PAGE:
Essay about Effects of Welfare Reform on Illicit Drug Use

Essay about Effects of Welfare Reform on Illicit Drug Use

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Considerable research has previously been conducted to analyze the effects welfare reform has had on its intended purposes such as employment, caseloads, or familial cohesion. And while there have been a few studies that examined the correlation between women receiving welfare and drug use, the effects of reform in regards to illicit drug use, specifically women, had not been previously evaluated. As legislation passed the Personal Responsibility and Work Opportunity Reconciliation Act (PRWORA) in 1996, the intended objective was to place restrictions on welfare recipients by applying a 5 year life-time limit, felony drug conviction disqualifications, and move people off the welfare rolls and into the workforce. States were given more latitude in administering benefits to applicants and were allowed the flexibility to place additional and more stringent requirements than those of the federal government, so long as the requirements adhered to federal guidelines. The purpose of the research conducted by Corman, Dave, Das, & Reichman, 2013 was to establish whether or not the PRWORA of 1996 reduced or prevented drug use among adult women by means of exploratory research. Additionally, they sought to corroborate the theory of Katz (2001), included in this research study, who said “…proponents of welfare reform claimed that the “work first” regime would increase self-sufficiency and connect previously marginalized poor women to the mainstream, leading them to engage in more responsible, and less socially undesirable, behavior.” With partial funding for the study provided by the National Institute of Child Health and Human Development, Corman et al (2013) initiated this study and hypothesized there would be a reduction in drug use...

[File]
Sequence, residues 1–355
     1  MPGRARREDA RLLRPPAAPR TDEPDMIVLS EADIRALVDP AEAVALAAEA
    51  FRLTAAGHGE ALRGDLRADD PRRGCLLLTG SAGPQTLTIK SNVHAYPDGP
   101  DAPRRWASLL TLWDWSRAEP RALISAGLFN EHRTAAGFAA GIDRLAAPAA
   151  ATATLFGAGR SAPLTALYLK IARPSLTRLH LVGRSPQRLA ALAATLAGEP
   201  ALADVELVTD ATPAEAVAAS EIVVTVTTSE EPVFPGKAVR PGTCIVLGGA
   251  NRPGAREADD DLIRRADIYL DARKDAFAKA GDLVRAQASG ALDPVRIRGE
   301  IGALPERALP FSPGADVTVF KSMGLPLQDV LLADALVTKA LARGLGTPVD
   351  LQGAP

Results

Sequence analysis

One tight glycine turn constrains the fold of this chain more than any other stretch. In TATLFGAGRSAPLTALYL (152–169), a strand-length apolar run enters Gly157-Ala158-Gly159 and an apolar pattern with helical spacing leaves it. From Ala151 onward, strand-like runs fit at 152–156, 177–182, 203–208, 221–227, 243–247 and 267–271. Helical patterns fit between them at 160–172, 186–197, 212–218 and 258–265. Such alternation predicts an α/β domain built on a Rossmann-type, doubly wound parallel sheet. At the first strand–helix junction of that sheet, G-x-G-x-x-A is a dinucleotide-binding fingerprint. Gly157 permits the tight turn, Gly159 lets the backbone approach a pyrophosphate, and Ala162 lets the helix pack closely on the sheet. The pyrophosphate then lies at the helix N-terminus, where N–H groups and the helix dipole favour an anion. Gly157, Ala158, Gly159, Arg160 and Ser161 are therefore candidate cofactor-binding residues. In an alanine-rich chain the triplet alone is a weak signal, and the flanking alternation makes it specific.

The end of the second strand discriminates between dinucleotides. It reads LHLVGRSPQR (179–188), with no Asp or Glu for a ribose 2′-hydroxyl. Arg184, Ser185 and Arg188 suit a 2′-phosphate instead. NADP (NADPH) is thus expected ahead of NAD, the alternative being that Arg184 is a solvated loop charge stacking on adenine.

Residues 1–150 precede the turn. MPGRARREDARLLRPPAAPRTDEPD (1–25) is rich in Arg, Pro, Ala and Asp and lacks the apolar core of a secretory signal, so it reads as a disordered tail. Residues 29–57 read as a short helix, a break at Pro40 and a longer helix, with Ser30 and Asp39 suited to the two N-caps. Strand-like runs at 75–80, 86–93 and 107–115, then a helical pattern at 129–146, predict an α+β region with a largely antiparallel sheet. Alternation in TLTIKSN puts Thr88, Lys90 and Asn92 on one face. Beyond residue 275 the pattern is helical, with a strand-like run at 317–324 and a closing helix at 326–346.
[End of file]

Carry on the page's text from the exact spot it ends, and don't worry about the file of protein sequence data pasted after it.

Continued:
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...ition of employment. Equally so, more constituents are pushing for mandatory drug testing for those applying for or receiving welfare. Both these factors offer economic incentives to women to stop illicit drug use. Incarceration should also not be overlooked as a contributing factor. The secure environment of jails and prisons, while not impossible, do make it difficult in obtaining drugs. Additionally, the use of data derived from self-reporting surveys can be skewed by minimizing and under reporting one’s drug usage.














Works Cited

Corman et al, 2013, Effects of Welfare Reform on Illicit Drug Use of Adult Women, Economic Inquiry, Vol. 51, No. 1, January 2013, 653–674. Retrieved March 11, 2013, from http://web.a.ebscohost.com.ezproxy.uhd.edu
Oxford Dictionary. (2014). Oxford University Press. Retrieved from http://www.oxforddictionaries.com/us


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